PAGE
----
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Wheel Anatomy: Part III


In the last of a series of three articles about how different types of wheels are made, we now turn our focus to three-piece designs.

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What are three-piece wheels? And, what is so great about them? As the name states, this type of wheel is an assembly of three components. Like a two-piece wheel, the center is one piece. As covered in the previous articles, the center can be cast aluminum, billet aluminum or forged billet aluminum.

Each wheel construction has its own pros and cons, as we’ve discussed in previous articles. The difference with a three-piece design is that the outer hoop is two distinct pieces that are bolted to the face.

“This design allows for flexibility in offset and width,” says John Wallace, vice president of sales at HRE Wheels, one of a few high-end American wheel companies.


“By simply changing the front or rear halves with pieces of different widths, you can effectively place the center anywhere you want. Another advantage is if the wheel needs repair, typically, you only replace the damaged part instead of the whole wheel.”

And, in cases where the offset needs to be changed just a few millimeters, the mounting pad of the wheel can be shaved to attain the exact dimensions required.

HRE Wheels offers some unique features in its three-piece wheels. Introduced early last year, its 840 series wheels are designed with hidden hardware.

Traditionally, three-piece wheels have bolt heads of various kinds showing around the perimeter of the face where all three pieces are secured. Once a wheel is assembled, the seam is sealed with silicon. HRE designed this series so that the hardware is bolted into the face of the wheel from the rear. The result is a clean face, with no visible hardware showing.


The new 940 R series leans more toward luxury than sport. This series has a thicker, bolder design that translates into a heavier load rating to handle SUVs and heavier European cars, such as the Mabach, 7-Series BMW and Bentley.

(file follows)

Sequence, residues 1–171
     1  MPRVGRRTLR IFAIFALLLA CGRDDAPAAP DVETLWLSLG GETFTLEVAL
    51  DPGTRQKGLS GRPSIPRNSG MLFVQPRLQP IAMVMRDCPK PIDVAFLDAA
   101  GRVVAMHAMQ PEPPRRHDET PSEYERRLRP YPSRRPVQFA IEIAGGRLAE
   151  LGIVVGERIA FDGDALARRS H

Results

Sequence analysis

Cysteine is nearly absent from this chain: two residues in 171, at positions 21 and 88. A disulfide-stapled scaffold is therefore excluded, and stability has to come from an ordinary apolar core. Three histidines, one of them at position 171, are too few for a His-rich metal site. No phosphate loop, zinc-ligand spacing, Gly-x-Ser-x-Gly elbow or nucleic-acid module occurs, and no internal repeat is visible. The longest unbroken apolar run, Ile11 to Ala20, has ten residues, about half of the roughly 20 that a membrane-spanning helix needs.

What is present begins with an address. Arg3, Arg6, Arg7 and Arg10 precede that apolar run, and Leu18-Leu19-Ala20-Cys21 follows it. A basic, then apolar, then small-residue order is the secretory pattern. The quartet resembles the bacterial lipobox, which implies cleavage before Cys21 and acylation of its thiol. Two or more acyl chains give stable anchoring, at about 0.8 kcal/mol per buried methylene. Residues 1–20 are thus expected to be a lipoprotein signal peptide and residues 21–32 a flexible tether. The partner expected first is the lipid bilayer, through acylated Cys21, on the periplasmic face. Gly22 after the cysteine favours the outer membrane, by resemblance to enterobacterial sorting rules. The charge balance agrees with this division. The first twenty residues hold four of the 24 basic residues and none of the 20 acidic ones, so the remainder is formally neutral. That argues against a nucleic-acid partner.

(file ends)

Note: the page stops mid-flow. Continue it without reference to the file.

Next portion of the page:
The prestige of owning three-piece wheels has incited rappers to create lyrics about them, referring to bolt heads as “buttons.” Truly a status symbol, a painted center/polished lip wheel will set a customer back $500 to $1,200 per wheel, depending on size and finish.

Who spends that kind of money? Take a look at, and notice the types of wheels on Solo event race cars. A year ago, we wrote about the local SCCA club where there were several weekend racers running three-piece wheels, all looking for a fraction-of-a-second advantage.


The other side of the market doesn’t care about the performance aspects; they want style, high quality and a custom fit and finish.

Another factor contributing to the high retail value of these wheels is the fact that most are custom built to very exacting specifications. Take a look at the above dimension chart. You can see very clearly the amount of detail needed to produce a set of these wheels.

Every suspension component, brake-system constraint, hub measurement and inner-fender-well clearance is taken into account. OE tire pressure monitoring system (TPMS) sensors are compatible, since each wheel is built for a specific vehicle.


From here, exact measurements – within a small fraction of an inch – allow an installer to fit the largest and widest tire and wheel assembly onto the vehicle with a minimal of clearance. Very rarely are two orders exactly the same because of various components used on the vehicle, so each wheel is nearly a one-off product, requiring considerable setup time on CNC machines and final assembly by hand.

Compare this to one-piece wheels that are built in one mold to fit dozens of different vehicles but allow few modifications. Now, you start to get the big picture as to why three-piece wheels have such high retail prices.


What’s more, many are built in Japan and Europe, so they have import tariffs attached to the price.

As you read this, the wheel-selling season is about to start. It might be a good idea to combine these last three articles into a training manual. Make sure your employees understand the differences between one-, two- and three-piece wheels and the pros and cons of each. That knowledge will allow your staff to close more wheel sales.

For those dealers serving customers who demand absolute performance, next month, we’ll take a look at new and emerging technologies in wheel manufacturing that promises to deliver lightweight yet strong wheels.


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